Portal:Telecommunication

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Telecommunication

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Telecommunications refers to wave-based communication technology through media such as air, cables etc. Telecommunication is the transmission of information over significant distances to communicate. In earlier times, telecommunications involved the use of visual signals, such as beacons, smoke signals, semaphore telegraphs, signal flags, and optical heliographs, or audio messages via coded drumbeats, lung-blown horns, or sent by loud whistles, for example. In the modern age of electricity and electronics, telecommunications now also includes the use of electrical devices such as telegraphs, telephones, and teleprinters, the use of radio and microwave communications, as well as fiber optics and their associated electronics, plus the use of orbiting satellites and the Internet.

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Waveguide17-with-UBR120-flanges.svg

In electromagnetics and communications engineering, the term waveguide may refer to any linear structure that guides electromagnetic waves. However, the original and most common meaning is a hollow metal pipe used for this purpose.

A dielectric waveguide employs a solid dielectric rod rather than a hollow pipe. An optical fibre is a dielectric guide designed to work at optical frequencies. Transmission lines such as microstrip, coplanar waveguide, stripline or coax may also be considered to be waveguides.

The electromagnetic waves in (metal-pipe) waveguide may be imagined as travelling down the guide in a zig-zag path, being repeatedly reflected between opposite walls of the guide. For the particular case of rectangular waveguide, it is possible to base an exact analysis on this view. Propagation in dielectric waveguide, may be viewed in the same way, with the waves confined to the dielectric by total internal reflection at its surface.

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A diagram of radio waves and radio transmission
Credit: LadyofHats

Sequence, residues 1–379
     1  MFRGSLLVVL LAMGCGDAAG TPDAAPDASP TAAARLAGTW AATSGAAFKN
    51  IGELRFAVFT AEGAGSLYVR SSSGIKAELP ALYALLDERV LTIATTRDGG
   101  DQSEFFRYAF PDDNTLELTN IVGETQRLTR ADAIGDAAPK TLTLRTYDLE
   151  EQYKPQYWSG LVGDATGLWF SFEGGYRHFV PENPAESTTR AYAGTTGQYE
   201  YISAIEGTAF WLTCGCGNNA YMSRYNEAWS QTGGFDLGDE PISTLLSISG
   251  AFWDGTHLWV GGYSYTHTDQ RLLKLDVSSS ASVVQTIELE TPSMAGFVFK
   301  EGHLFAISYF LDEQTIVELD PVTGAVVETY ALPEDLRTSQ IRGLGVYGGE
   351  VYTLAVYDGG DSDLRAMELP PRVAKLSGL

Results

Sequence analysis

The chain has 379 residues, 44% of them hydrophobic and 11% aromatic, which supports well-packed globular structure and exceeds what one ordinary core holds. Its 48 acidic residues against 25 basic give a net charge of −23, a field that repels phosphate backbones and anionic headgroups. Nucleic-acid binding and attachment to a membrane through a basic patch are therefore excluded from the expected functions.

This diagram shows both the position of radio waves in the electromagnetic spectrum (logarithmic scale) as well as how radio waves are used for communication.

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Nikola Tesla (Serbian Cyrillic: Никола Тесла) (10 July 1856 – 7 January 1943[1]) was an inventor, physicist, mechanical engineer and electrical engineer. Born in Smiljan, Military Frontier, Austria-Hungary, he was an ethnic Serb subject of the Austrian Empire and later became an American citizen. Tesla is best known for his many revolutionary contributions to the discipline of electricity and magnetism in the late 19th and early 20th century. Tesla's patents and theoretical work formed the basis of modern alternating current electric power (AC) systems, including the polyphase power distribution systems and the AC motor, with which he helped usher in the Second Industrial Revolution.

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Did you know?

...that Intelsat 1, known as Early Bird, launched in 1965, provided either 240 voice circuits or one two-way television channel between the United States and Europe.

...that the first telephone message was transmitted in 1876 from one room in Alexander Graham Bell’s house to another.

...that in 1880 France rewarded Bell the Volta Prize, worth 50,000 francs, for his invention.

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